Monthly Archives: December 2010

P2P DNS: Not solving the real problem of centralized control

The more tech-savvy probably noted with passing interest the news blip this last week by Peter Sunde, co-founder of The Pirate Bay, a notorious website for finding BitTorrent .torrent files for everything from public domain books to copyrighted music, video, and warez of a new peer-to-peer Domain Name System in response to recent US authoritarian action in seizing domain names.  The specific instance that is causing so much cyberangst is the Department of Homeland Security and Immigration and Customs Enforcement bowing to the pressures of media giants have shut down  By “shut down”, these enforcement agencies didn’t just confiscate server equipment, they actually seized DNS hostnames assigned by their registrar, through ICANN.  Long has the rest of the world complained that IANA and ICANN, bodies that assign all sorts of global numbering and addressing schemes, are puppets of the U.S. Government, and even a number of the American tech crowd that the actions of these bodies over time are counter to the perceived free and open nature of the Internet.

While DNS isn’t that important from a purely technological networking perspective, that is, it is simply a redirection service, almost no denizens of the web could find Google, Facebook, or Bing without it.  DNS is a protocol that allows a simple name, such as to be translated into an IP address, serving the role of a phone book of sorts.  I’ll have to admit, just as I’d probably lose all my friends if I lost my EVO, since I depend on my address books over memorized phone numbers these days — I only know some of Google’s servers, my work, and my home IP address by heart, but for everything else, I’m dependent on DNS to tell me (and my browser) where to find things.  In response to ICE’s attack on the perception that domain names should not be commandeered by governments, Sunde has started a project to offer up an alternative DNS service over peer-to-peer networks, to remove the ability for corporations or governments to seize domains.  Unlike failed ‘alternate root’ schemes in the past, this shift in technology would, as the thought goes, allow the domain name resolution service to be operated by consensus.  In such a world, ICE couldn’t have seized domain, nor could any corporation with a similar name as a private individual file a copyright claim to take a domain name away from them.  Do we have a fundamental right to allow the public to sign off on who gets to hold what URL properties?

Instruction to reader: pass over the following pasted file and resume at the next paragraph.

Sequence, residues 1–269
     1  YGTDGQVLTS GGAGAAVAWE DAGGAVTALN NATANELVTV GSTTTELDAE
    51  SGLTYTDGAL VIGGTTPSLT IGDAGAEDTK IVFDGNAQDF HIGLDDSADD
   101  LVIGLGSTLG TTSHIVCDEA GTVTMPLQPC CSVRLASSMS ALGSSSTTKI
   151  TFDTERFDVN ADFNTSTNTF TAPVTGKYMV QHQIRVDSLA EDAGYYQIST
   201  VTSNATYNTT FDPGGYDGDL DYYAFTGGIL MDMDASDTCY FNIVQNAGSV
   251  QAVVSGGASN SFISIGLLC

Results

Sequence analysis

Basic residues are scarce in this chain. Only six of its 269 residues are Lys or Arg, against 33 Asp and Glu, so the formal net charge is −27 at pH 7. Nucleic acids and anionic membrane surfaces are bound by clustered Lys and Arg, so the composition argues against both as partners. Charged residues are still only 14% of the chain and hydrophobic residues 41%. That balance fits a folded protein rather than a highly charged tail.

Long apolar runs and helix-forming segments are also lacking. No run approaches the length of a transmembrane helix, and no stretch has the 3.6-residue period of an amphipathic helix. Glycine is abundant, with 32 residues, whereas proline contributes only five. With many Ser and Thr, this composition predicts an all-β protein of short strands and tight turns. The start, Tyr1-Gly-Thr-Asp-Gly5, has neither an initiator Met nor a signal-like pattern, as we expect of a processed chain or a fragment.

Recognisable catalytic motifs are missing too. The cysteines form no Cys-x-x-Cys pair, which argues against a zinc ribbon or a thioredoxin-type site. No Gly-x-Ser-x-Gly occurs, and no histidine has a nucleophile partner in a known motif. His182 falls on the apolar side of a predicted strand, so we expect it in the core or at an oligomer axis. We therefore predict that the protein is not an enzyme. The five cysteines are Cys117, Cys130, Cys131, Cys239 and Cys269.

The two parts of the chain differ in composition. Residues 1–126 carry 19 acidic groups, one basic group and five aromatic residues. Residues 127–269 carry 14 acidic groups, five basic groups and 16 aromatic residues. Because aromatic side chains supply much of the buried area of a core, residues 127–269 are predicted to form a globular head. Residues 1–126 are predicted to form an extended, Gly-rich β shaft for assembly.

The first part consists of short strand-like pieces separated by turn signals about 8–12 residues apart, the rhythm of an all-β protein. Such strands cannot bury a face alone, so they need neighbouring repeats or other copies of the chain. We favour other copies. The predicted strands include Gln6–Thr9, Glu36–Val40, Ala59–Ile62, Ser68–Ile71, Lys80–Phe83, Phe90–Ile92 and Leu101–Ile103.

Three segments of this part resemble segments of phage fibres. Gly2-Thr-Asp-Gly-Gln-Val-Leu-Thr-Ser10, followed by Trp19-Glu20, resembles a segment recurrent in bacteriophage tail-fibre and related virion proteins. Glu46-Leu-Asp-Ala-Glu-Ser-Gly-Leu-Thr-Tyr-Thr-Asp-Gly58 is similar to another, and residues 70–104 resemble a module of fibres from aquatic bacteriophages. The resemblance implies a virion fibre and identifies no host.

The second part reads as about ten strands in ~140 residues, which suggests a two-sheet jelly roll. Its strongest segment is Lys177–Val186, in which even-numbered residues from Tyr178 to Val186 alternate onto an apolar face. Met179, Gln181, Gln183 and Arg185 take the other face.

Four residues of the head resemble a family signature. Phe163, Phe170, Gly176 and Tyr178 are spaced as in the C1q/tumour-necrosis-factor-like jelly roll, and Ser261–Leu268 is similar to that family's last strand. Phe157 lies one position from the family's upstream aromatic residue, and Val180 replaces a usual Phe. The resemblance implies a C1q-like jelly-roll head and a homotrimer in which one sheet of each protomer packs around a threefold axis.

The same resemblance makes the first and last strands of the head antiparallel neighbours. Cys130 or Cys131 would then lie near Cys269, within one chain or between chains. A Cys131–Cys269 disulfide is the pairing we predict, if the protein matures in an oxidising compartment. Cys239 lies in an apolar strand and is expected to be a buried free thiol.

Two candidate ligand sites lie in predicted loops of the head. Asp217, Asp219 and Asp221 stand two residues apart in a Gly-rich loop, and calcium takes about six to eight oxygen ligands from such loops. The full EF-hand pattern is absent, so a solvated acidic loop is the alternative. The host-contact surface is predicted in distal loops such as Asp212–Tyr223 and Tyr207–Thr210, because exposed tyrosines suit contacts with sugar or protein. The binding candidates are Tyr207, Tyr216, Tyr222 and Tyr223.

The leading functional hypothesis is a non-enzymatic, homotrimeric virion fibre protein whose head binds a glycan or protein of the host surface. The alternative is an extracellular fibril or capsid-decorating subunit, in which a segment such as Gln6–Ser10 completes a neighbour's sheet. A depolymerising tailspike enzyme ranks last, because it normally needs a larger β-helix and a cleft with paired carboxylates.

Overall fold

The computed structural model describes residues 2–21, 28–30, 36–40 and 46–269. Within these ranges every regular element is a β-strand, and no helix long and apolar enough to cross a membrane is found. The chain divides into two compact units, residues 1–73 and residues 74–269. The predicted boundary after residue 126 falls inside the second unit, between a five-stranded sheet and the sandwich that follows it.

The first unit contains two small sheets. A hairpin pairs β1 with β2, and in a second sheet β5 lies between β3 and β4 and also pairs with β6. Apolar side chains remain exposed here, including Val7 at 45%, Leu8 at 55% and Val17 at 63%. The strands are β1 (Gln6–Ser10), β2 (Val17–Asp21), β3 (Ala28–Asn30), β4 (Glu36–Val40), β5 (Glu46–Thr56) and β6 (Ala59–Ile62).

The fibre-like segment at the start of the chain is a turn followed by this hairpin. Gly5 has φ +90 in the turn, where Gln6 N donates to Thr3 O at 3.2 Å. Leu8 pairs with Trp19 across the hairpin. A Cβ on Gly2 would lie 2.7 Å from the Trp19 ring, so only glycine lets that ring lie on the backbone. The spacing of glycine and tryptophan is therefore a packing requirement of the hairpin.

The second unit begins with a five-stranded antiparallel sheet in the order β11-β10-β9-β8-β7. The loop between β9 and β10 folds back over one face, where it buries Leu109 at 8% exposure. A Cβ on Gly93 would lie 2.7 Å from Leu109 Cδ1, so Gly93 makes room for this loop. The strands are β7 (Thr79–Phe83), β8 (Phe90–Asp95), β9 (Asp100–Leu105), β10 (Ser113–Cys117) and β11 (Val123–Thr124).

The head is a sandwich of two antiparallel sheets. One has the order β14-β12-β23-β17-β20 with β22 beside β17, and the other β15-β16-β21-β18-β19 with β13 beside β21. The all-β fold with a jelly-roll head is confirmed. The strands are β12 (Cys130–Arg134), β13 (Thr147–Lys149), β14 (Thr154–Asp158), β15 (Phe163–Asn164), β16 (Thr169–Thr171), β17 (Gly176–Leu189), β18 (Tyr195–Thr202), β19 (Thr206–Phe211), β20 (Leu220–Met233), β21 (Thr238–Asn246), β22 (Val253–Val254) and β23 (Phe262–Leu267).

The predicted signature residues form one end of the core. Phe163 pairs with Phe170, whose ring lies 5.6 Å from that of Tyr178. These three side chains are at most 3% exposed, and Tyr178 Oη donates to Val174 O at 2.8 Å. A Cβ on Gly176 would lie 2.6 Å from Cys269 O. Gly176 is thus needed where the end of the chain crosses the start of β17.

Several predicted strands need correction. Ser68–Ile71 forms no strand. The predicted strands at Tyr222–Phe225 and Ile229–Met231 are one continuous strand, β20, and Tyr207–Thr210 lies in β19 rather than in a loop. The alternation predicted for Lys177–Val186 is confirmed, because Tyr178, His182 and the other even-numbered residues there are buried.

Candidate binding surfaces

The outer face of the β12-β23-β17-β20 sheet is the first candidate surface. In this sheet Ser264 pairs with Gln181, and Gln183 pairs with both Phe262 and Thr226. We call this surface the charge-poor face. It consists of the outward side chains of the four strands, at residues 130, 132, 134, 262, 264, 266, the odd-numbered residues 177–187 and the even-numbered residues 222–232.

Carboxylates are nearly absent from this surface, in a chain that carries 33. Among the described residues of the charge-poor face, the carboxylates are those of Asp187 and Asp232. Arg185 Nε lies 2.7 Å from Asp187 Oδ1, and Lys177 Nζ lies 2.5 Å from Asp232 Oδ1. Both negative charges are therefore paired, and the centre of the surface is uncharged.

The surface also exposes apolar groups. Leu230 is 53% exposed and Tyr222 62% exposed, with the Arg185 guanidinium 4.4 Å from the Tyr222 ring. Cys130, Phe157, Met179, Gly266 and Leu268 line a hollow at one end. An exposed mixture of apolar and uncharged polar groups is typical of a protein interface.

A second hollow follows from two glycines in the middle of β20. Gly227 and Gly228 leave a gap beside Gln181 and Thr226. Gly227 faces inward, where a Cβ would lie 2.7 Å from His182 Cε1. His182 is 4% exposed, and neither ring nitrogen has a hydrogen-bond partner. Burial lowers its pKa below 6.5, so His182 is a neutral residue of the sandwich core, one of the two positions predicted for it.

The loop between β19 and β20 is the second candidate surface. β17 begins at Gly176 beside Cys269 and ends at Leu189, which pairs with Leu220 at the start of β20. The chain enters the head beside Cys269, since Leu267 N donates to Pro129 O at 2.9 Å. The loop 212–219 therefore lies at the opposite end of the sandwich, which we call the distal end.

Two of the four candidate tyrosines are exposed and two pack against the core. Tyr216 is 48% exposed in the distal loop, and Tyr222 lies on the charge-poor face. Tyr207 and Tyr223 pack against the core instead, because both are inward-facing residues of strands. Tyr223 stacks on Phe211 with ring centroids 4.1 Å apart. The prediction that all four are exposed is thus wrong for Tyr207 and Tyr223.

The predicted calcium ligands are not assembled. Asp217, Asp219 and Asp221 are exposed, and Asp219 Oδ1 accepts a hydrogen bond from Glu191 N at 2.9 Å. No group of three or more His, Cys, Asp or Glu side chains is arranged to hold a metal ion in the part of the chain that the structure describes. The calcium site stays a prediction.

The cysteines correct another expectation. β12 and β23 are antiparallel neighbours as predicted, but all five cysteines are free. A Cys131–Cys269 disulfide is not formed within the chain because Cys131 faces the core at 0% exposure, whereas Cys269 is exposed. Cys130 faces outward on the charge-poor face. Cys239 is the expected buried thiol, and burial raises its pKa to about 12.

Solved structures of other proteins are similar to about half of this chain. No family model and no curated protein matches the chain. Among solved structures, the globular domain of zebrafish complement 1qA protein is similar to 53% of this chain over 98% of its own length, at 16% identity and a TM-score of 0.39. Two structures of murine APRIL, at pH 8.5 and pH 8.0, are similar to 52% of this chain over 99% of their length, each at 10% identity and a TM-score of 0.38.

The rhetoric on the issue has been amusing at best and eye-rolling at worst, when people like Keir Thomas make outlandish claims that an alternate DNS scheme will be ‘heartily embraced by terrorists and pedophiles’.  Sadly, such claims showcase the true lack of technical understanding about how the networking protocols of the Internet actually work.  Coming back to my phone book analogy, a P2P DNS scheme would be akin to GOOG-411 providing phone numbers instead of my local phonebook (which sits unused, now 5 years old, mind you):  Anyone can one a phone number or IP address, but the way you resolve a name to a number doesn’t really, on a true technical level, change anything about who controls access and availability to resources.  If I could configure my computer to point to illegal content, that doesn’t change the fact the content was out there to point to in the first place, nor does it make it any easier to find for those not seeking how to access it.